Copyright 2016 © Chris Leslie

The skyline of Glasgow is set to be radically transformed...

Introduction

The skyline of Glasgow is set to be radically transformed, as swatches of high-rise tower blocks make way for thousands of new homes across the city. Glasgow is enjoying a real renaissance. We’re delivering on better housing and we have regained our sense of ambition. This is an announcement that looks to the future and we are determined we will not repeat the mistakes of the past Glasgow City Council – 2006

 

Since 2006 over 30% of Glasgow’s tower blocks have been demolished. Entire communities have disappeared as Glasgow embarks on its latest orgy of demolition, a ‘solution’ that has been so prevalent in the city’s history.  Glaswegians have grown so familiar with mass demolition and subsequent regeneration to change, reinvent and market the city. They can perhaps be forgiven for not noticing, or even caring about the fundamental changes that have taken place in just a short period of eight years. If you blinked you really could have missed it.

In the previous round of mass demolition in the 1960s and 70s, tens of thousands of Glaswegians were decanted from slums into new schemes and high-rise flat developments. These new homes, many of them high-rise flats, represented a utopian vision for social housing – complete with kitchen and indoor bathroom, central heating and mixer taps, they were presented as the solution to some of the worst slum conditions in Europe at that time.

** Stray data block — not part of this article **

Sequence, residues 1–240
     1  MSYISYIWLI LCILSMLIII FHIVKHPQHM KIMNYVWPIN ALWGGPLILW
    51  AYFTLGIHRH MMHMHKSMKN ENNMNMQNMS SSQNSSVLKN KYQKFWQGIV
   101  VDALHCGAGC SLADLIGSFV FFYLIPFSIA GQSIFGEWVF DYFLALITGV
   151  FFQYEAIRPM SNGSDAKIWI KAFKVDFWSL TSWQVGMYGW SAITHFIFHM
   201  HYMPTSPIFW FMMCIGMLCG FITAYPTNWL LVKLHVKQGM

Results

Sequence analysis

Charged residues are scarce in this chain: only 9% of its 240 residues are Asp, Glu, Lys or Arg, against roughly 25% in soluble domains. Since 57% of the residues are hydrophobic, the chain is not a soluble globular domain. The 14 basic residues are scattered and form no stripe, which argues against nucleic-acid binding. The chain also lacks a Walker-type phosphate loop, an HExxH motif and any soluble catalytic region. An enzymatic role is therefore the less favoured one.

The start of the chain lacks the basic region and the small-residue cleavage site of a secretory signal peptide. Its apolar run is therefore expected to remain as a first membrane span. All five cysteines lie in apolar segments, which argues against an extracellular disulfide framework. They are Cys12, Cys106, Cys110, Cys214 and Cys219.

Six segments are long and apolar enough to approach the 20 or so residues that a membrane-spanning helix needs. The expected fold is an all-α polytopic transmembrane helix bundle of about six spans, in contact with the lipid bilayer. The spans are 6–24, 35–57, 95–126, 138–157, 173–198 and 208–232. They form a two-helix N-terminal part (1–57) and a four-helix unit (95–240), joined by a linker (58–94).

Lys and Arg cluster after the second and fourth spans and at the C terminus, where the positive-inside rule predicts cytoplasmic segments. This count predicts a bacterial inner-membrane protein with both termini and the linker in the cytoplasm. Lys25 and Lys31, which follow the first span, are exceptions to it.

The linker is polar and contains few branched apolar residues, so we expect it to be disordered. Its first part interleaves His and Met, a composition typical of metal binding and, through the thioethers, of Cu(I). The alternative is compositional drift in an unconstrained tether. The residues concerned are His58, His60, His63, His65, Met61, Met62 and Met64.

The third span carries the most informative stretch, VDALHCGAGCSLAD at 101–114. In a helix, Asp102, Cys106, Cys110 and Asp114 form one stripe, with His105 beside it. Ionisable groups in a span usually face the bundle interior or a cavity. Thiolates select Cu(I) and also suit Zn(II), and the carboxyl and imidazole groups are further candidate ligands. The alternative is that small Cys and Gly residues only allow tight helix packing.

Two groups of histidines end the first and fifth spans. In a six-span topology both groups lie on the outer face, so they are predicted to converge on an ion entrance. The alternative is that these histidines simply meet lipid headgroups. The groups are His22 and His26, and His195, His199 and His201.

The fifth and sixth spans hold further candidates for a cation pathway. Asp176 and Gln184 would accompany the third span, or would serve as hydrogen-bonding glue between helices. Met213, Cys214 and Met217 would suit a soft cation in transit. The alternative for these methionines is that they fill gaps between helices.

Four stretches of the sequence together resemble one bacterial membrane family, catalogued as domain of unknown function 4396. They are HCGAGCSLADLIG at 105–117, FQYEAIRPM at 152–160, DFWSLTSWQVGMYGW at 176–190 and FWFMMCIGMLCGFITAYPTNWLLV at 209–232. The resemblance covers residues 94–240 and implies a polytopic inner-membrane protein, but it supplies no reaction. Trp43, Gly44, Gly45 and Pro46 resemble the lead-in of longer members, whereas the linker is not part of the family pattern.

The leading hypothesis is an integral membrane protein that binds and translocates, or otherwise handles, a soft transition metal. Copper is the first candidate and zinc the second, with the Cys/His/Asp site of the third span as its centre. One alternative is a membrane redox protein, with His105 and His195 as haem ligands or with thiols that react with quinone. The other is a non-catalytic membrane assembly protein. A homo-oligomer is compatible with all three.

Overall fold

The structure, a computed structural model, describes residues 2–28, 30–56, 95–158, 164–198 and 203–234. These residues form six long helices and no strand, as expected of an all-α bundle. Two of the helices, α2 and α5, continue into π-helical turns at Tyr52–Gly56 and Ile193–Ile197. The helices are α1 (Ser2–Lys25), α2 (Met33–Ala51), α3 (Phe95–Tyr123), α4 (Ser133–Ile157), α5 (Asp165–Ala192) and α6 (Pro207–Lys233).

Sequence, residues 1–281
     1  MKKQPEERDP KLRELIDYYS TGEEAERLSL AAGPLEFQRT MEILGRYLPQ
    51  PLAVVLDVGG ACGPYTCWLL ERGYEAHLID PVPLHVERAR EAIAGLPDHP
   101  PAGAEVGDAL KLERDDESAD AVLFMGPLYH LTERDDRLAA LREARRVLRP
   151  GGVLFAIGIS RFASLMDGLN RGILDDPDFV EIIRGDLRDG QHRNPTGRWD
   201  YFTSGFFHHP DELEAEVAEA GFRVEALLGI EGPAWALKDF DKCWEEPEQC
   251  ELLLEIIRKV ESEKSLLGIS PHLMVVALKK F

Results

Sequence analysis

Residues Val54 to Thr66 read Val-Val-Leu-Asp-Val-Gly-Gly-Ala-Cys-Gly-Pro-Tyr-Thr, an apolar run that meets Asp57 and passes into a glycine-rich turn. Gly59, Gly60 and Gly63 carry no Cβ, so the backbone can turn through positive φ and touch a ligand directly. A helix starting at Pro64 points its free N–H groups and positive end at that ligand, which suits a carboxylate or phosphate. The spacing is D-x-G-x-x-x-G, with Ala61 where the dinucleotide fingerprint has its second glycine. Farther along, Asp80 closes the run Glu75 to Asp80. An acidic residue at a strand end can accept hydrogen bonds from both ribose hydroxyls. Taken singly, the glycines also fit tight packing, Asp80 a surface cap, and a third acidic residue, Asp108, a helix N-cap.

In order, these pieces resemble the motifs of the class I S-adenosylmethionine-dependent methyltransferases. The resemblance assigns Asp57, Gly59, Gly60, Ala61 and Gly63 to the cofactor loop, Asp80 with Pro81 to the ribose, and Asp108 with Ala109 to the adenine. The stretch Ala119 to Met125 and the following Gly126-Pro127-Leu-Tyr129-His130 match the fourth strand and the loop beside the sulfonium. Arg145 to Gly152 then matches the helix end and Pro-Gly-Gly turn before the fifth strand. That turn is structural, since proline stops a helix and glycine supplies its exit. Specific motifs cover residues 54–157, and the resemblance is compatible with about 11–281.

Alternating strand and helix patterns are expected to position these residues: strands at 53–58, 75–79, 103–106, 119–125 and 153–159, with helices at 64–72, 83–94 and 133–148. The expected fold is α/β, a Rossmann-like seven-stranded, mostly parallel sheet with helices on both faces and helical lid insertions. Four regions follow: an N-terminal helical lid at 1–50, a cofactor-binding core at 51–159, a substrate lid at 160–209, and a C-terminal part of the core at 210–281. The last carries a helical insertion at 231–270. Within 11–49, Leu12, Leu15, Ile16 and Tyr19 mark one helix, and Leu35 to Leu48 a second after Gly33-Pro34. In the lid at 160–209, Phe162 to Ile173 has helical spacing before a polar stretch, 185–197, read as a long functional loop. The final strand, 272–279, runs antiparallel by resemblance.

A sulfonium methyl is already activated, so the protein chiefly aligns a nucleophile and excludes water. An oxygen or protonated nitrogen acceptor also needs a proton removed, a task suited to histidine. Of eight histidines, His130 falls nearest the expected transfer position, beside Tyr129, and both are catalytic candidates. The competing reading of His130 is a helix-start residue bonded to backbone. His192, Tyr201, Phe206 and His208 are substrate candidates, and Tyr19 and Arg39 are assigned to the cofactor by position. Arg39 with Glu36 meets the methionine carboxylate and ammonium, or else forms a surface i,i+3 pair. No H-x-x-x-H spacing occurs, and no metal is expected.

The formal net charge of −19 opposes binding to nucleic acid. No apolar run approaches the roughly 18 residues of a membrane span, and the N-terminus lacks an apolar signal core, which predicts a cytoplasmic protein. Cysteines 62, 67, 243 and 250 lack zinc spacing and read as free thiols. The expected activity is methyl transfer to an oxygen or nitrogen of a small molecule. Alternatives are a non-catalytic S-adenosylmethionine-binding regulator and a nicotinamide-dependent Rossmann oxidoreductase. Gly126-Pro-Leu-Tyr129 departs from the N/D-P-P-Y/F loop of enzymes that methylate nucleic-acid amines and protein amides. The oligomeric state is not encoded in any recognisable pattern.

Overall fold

By the turn of the 21st century the solution had become the problem. The humble wrecking ball was replaced with multi-million pound demolition contracts, explosives developed by NASA, secured exclusion zones and demolition spectacles that all the community are invited to watch. But the simple ethos of “knock-em-down and build-emback- up-again” remains the same.

This latest frenzy of demolition can be attributed to the labelling of these areas as ‘Sink Estates’, with commentators and local authorities citing high levels of drug use and crime, and buildings unfit for habitation. It is presented as being easier and more cost-effective to sweep away the problems along with the buildings. Thus councillors, officials and the media celebrate the death of high-rise as progress – to the extent that Glasgow’s City Fathers endorsed a scheme to blow up the Red Road flats as part of the Opening Ceremony of the 2014 Commonwealth Games, a live TV spectacle for the enjoyment of millions.

It’s not just high-rise flats that are disappearing in the name of progress. In areas far outside the leafy West End, demolition of the city’s grand Victorian and Edwardian tenements has continued, often with little comment or protest. Derelict and forgotten for 30 years, Dalmarnock was to be saved by the 2014 Commonwealth Games. The last remnants of old Dalmarnock’s tenements were razed to the ground, and with them homes and businesses. Local residents are still trying to fathom the ‘legacy’ of this two-week mega sporting event for them, and for their area.

And what of the new-build schemes that replace the tower blocks and tenements? What happens to the communities that are scattered across the city? For many people life in a high-rise or a ‘Sink Estate’ is not the way they want to live or bring up a family. They welcome their new homes with front and back gardens. But with the whole country suffering a housing shortage, and with the volume and quality of new builds decreasing, does it really make sense to destroy more homes than you build? Can we be sure we won’t live to see, once again, the wholesale demolition of the houses we are building today – today’s ‘solution’ becoming tomorrow’s problem?

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